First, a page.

That is the stat line that Stanford needs to change. It is fully capable of generating turnovers (Jordan Richards, we're looking at you). Last year Mariota threw one touchdown and one interception. This year, it needs to be similar — limit his points by taking the ball away. Mariota has accounted for 3.6 touchdowns a game. He had some trouble with fumbling, most notably against Washington State, but as a passer, Mariota has been nothing but perfect.

Stanford will enter the game looking to disrupt Oregon’s offense as whole and that starts with Mariota. The problem is that the run game is equally effective, ranking second in the nation for producing 331.5 yards per game, but even that starts with Mariota and the zone-read option. If Stanford can find a way to flap the unflappable man, they have an excellent chance to win. Realistically, they will only be able to hold him back for the first half. While Stanford managed to slow this offense down for a full game last year, the offense has improved through the incomparable running game. If they take Oregon out of a rhythm with a strong pass rush lead by Murphy and physical rush defense lead by Shayne Skov, it likely won't last an entire game.

So what then? What if Stanford manages to hold Oregon to 13 points or less, which has not been done this year?

Come the second half, Gaffney will begin chewing up clock. But if Stanford wants to draw from last year’s victory where Kevin Hogan went 26-for-36 for 211 yards, they will need some big-play magic — perhaps some Cajuste juice. Hogan has averaged only 146 yards against ranked opponents since that game and has passed for more than 200 yards in only one of those six games. Against UCLA, his passing yards were vital. They moved the chains and kept the defense honest for Gaffney. Hogan has to step up in a way that we have only seen against ranked opponents.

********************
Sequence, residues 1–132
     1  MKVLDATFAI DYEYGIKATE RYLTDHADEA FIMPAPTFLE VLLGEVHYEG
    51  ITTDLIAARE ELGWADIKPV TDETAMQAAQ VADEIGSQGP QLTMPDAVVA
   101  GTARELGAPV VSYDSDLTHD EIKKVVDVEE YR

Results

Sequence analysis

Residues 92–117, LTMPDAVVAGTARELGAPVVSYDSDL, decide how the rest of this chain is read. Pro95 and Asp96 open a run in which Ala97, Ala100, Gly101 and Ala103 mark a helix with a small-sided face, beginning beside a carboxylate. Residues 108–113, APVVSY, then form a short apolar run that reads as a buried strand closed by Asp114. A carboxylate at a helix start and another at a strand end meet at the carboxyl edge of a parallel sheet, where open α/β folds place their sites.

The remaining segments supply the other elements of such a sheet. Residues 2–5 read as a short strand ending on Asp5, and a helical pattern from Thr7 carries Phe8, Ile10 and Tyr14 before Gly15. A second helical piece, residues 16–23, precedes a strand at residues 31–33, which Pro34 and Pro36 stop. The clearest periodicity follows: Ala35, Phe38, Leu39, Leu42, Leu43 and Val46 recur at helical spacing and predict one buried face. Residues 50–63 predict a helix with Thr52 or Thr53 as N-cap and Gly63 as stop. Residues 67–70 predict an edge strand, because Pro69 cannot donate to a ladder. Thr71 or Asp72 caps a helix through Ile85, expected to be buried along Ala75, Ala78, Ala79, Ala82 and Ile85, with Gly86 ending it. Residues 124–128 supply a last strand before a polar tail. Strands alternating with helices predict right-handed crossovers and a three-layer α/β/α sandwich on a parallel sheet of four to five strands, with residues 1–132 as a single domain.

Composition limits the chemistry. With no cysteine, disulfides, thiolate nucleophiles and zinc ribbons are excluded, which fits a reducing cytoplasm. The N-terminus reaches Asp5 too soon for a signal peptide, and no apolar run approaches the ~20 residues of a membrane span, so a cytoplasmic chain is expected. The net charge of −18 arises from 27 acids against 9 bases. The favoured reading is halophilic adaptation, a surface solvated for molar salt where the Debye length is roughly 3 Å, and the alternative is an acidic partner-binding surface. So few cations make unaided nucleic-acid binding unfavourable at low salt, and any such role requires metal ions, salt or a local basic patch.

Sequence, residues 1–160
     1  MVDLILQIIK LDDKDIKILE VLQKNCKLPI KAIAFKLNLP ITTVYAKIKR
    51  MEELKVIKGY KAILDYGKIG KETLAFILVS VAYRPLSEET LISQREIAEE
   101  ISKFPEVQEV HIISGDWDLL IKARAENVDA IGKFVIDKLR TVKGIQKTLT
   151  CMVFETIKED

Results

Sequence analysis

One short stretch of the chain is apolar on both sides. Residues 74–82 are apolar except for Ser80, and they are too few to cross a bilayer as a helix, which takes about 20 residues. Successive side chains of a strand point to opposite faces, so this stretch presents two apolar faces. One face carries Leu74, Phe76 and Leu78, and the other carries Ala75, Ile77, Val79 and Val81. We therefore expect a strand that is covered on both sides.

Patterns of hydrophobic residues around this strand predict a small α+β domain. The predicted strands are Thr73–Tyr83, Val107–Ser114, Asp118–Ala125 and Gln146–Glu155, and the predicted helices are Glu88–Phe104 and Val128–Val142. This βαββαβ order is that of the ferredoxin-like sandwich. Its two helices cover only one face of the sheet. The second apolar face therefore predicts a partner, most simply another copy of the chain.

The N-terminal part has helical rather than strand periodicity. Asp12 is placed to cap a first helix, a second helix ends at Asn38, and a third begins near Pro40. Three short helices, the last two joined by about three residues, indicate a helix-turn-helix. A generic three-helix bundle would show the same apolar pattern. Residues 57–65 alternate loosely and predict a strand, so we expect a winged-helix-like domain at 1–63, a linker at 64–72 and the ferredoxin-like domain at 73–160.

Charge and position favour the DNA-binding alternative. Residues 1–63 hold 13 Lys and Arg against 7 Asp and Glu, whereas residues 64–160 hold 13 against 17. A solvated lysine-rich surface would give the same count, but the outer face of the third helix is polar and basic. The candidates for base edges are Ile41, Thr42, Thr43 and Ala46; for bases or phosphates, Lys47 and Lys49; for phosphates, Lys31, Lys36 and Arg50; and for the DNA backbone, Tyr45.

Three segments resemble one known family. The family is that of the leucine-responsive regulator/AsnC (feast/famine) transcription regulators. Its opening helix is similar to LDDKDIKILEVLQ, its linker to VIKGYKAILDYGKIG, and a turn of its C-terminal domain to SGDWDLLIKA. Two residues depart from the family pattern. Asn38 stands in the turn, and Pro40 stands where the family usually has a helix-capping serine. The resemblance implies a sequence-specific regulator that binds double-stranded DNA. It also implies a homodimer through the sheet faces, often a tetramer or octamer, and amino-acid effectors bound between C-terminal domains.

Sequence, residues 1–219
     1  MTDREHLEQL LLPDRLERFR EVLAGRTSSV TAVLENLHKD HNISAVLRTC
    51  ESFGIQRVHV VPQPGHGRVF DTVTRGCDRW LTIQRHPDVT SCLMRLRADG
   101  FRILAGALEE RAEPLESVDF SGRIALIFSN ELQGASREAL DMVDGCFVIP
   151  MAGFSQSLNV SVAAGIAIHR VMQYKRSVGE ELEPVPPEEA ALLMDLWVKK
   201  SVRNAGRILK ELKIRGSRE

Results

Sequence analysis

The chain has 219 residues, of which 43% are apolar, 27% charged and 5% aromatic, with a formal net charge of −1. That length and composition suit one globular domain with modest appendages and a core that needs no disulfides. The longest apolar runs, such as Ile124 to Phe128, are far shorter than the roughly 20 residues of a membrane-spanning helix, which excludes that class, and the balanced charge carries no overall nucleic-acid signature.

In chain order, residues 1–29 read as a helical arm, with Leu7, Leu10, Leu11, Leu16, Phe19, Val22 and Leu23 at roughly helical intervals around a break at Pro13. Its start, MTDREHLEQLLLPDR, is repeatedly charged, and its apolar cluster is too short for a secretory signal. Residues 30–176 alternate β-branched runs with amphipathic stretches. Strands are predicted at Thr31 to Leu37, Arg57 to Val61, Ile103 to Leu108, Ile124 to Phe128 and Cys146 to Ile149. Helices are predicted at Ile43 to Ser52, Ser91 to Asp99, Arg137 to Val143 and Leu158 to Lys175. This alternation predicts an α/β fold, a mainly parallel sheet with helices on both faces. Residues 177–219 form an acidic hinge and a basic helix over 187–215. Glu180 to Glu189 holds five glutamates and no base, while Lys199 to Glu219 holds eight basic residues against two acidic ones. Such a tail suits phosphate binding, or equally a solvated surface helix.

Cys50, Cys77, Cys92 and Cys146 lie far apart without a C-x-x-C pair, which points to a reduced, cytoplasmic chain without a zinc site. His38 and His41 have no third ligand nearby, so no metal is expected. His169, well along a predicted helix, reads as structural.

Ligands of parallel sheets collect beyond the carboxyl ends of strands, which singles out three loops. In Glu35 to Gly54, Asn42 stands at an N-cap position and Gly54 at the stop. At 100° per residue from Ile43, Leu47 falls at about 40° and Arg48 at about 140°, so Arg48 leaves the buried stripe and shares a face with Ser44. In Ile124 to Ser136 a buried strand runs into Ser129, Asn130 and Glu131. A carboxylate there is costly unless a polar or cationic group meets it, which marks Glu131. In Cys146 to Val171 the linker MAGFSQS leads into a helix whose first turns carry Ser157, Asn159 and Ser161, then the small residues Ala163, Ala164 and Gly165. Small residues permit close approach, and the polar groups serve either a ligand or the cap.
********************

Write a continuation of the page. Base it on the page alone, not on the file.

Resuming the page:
Devon Cajuste and Ty Montgomery are the perfect personnel to help him do so. Even Kodi Whitfield has stepped up in the clutch and made the SportsCenter Top 10 in the process. The receivers have provided big plays in the past, and it would not hurt to catch Oregon off balance, as the Ducks will expect run most of the game. Look to see if Hogan can connect on those ever-important deep balls against Oregon's talented secondary.

Stanford must also keep possession of the ball. Oregon is ranked fourth nationally in turnover margin at plus-12. Stanford has a history of getting sloppy with the football at bad moments (see: Stanford vs. Army). Against Oregon, the game can turn around in minutes. Giving the ball to Oregon once on a turnover is too many times, because it could mean seven points and the realization of a nightmare called "rhythm." It's Oregon's happy place and everyone else's hell.

So many have tried and failed, but the game plan is simple. Keep the ball out of Oregon’s hands and score more points than the Ducks. Stanford is equipped to do just that. They can keep Oregon’s offense at bay long enough to put enough points on the board that they can squeak by at the end like they did against every ranked opponent this year.

Call me stupid. Call me an optimist. But I'll call it an upset when it's all over.

Prediction: Stanford 34, Oregon 30